For more options check out the link in my signature. The biggest issue in your list is the macbook air - there are many videos and articles online on why it is too slow for professional work.

Before you buy anything, why don't you rent the XA10 for a whole day and plan your workflow?
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Old April 18th, 2013, 01:01 PM   #5
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Re: New Guy with Many Questions.

Thanks everyone. Gives me some points to work with.
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Old April 18th, 2013, 01:50 PM   #6
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Re: New Guy with Many Questions.

Kyle...you've gotten very good recommendations from the others. If, you have time, I'd recommend getting Doug Jensen's (VORTEX Media) "How to Set-up, Light, & Shoot Great Looking Interviews (using a light kit that costs under $1,500.00)". He also has an updated version, "How to Set-up, Light, & Shoot Great Looking Interviews With LED Lights". Both are excellent training DVDs.

You have set yourself quite a challenge. You've done the best thing you can by becoming a DVInfo member. Scrolling through the various 'Forums' is like a Graduate Course in video capture.

Good luck!

J.
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Old April 18th, 2013, 02:43 PM   #7
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Re: New Guy with Many Questions.

About the computer situation... I also have an HP probook 4530s with Adobe Premiere Pro C5. This have the juice needed?
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Old April 24th, 2013, 02:49 PM   #8
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Re: New Guy with Many Questions.

Few things I'd consider.. the MB air I don't think will have the juice you need to really edit the footage, especially if you start working on longer length.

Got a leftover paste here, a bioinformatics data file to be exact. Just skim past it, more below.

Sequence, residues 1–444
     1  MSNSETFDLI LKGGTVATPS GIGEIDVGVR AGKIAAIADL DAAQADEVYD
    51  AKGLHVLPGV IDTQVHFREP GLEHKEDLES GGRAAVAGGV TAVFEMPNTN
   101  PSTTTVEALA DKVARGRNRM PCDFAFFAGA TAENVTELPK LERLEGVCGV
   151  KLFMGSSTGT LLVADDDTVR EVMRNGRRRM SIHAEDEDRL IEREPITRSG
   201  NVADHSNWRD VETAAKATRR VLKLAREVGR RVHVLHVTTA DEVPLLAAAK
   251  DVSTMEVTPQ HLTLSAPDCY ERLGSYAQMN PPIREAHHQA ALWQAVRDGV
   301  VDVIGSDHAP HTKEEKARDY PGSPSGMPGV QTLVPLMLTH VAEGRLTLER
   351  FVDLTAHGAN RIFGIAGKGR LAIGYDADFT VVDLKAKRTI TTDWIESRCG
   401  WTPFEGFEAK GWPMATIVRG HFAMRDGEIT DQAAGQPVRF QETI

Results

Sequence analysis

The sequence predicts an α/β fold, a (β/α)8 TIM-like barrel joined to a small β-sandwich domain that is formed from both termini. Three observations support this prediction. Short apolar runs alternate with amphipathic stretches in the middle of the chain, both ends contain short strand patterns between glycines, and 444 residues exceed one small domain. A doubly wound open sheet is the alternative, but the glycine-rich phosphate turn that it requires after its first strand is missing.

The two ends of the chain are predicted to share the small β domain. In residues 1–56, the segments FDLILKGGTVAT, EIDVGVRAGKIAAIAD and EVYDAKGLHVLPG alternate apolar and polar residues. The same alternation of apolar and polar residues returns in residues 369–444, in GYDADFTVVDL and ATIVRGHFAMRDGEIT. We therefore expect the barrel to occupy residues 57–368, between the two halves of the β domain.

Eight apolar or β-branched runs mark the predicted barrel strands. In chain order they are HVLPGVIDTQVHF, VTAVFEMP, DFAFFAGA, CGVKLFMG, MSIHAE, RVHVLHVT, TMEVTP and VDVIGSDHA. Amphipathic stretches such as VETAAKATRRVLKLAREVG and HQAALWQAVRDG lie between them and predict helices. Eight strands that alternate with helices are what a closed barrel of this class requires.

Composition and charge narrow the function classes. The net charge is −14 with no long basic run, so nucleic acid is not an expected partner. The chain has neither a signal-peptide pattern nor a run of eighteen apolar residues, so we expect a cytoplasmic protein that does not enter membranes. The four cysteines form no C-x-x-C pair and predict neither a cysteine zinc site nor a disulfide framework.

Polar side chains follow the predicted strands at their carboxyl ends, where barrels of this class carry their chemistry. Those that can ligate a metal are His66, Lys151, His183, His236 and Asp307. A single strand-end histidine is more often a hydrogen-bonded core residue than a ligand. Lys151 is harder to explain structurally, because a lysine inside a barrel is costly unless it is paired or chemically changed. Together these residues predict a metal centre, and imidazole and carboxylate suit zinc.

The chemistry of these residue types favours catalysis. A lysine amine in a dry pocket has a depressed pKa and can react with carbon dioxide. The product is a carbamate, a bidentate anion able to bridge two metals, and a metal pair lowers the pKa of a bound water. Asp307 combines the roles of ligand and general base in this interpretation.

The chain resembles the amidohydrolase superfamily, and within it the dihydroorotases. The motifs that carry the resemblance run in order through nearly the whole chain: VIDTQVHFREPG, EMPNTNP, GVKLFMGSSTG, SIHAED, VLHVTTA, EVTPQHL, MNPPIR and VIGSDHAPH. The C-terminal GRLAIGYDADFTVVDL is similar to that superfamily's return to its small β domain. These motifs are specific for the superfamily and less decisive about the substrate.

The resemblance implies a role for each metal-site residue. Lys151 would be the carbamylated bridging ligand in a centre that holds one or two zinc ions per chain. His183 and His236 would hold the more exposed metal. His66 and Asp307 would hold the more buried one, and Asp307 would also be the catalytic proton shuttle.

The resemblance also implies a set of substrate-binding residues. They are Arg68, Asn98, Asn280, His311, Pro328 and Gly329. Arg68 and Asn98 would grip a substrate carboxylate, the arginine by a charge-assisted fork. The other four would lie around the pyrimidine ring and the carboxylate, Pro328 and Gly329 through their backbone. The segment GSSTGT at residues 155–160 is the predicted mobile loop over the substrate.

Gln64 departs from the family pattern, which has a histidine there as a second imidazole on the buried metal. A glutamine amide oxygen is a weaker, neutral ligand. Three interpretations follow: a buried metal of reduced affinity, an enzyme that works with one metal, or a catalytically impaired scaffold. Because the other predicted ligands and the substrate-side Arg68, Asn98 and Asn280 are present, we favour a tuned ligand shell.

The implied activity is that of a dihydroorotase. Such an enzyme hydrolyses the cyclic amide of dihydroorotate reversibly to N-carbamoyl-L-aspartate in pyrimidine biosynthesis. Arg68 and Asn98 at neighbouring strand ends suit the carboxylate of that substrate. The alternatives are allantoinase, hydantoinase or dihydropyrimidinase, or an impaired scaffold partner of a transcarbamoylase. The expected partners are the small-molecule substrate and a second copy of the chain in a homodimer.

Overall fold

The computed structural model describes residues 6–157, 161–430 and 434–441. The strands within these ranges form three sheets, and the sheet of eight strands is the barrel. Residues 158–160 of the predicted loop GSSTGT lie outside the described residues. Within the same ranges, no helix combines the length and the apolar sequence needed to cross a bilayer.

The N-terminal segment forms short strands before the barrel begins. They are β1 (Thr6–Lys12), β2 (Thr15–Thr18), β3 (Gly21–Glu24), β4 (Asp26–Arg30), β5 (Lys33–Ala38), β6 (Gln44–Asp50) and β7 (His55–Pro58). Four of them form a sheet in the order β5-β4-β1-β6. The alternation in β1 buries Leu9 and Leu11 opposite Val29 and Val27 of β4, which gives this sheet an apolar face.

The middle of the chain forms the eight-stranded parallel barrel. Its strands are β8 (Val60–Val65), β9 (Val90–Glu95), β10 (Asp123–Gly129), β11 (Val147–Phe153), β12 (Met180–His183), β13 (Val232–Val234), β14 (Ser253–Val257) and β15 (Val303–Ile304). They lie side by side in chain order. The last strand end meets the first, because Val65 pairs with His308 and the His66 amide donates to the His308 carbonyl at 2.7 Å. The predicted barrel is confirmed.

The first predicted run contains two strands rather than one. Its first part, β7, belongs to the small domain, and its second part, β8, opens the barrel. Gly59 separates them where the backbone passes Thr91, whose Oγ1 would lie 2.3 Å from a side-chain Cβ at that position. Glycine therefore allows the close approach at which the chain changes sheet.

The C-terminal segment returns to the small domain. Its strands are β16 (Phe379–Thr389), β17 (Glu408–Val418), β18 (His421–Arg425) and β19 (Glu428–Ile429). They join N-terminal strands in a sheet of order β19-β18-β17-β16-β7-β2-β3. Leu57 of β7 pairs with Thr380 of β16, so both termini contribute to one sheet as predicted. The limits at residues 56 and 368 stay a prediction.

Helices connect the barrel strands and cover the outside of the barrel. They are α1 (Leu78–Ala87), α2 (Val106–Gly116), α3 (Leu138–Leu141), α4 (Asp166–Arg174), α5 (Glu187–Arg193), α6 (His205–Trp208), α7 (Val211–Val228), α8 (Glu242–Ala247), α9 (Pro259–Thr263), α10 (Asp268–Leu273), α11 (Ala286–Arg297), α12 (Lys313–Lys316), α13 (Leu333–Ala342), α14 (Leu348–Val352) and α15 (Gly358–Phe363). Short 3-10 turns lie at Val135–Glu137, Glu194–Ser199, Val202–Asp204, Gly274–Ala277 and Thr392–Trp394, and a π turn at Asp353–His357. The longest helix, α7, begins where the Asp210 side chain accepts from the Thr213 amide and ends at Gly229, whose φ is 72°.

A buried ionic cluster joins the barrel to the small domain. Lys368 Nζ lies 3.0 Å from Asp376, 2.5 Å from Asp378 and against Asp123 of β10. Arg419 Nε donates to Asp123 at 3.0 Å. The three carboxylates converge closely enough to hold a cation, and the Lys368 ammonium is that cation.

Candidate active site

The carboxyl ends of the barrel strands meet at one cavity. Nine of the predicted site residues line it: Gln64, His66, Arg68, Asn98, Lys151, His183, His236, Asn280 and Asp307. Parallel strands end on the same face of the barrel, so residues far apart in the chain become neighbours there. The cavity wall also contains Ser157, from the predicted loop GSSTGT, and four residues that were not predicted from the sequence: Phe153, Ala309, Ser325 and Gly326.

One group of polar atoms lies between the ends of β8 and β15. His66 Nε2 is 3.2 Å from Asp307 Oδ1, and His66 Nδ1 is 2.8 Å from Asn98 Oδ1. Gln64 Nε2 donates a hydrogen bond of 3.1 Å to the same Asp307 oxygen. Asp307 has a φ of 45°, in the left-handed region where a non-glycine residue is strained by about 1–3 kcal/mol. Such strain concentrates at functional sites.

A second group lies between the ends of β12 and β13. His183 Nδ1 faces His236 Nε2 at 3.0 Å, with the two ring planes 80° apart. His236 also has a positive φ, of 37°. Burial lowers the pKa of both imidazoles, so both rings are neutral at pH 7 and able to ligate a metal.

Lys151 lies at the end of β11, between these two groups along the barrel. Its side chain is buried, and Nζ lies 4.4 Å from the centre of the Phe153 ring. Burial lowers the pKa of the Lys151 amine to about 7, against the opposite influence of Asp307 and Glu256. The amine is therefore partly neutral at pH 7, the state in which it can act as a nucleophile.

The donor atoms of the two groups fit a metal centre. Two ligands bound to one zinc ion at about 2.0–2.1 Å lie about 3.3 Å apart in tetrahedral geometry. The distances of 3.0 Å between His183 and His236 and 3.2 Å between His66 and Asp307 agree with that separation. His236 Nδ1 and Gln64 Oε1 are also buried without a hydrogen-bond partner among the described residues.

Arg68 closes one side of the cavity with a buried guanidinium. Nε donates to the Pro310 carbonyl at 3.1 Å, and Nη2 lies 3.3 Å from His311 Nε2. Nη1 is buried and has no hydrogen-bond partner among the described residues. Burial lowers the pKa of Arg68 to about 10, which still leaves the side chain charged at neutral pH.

Like someone else mentioned, if you're comfortable with Windows, you can get a really powerful desktop box for about $2K, or less, with plenty of memory, SSD drive, and a workstation graphics card. If you're dead set on a laptop, then a macbook pro or a higher end windows 8 laptop would be good with 8GB ram and 1TB HD.

Something I bought that I love.. (not sure if it will work with macbook either) is an external e-sata dock. The one I got is the only one I could find that supports 6gbps and oddly enough, when I put my SSD and/or my 7200rpm drive into it (there are 2 dock bays so I can plug 2 drives in at once) they perform slightly faster than my internal boot SSD and 2 sata 3 drives do. It's that fast! It is especially fantastic for hot-swap (no need to reboot machine.. just plug in and work), and if you step up to renting a BlackMagic camera or one that uses SSD drives, this is a great way to work on the footage directly from the recording medium, or to quickly copy it off to a large HD.

I guess it depends if you plan on doing more work like this after if it makes sense to spend on a better workstation for editing/rendering or not. If this is a one time thing, then perhaps you're good to go with what you have.

I'd also recommend, for the money, the black magic pocket cinema camera. I can't say it will fit the bill for sure, but for not much more than what you'll probably end up spending on renting an HD cam, you can own a pretty powerful cinema camera. Of course it's not ready until August..so that may be an issue too.

Lastly, Adobe has done an amazing thing by allowing you to license their suite of products for $50 a month. Not sure you need CS 6 (supposedly 6.5 is coming soon with some much needed video improvements like DNxHD direct support), but it's something to think about.. you can buy in to use it for a month or two, then stop when you're done with your project I think as well.

Last edited by Kevin Duffey; April 24th, 2013 at 02:50 PM. Reason: Added adobe info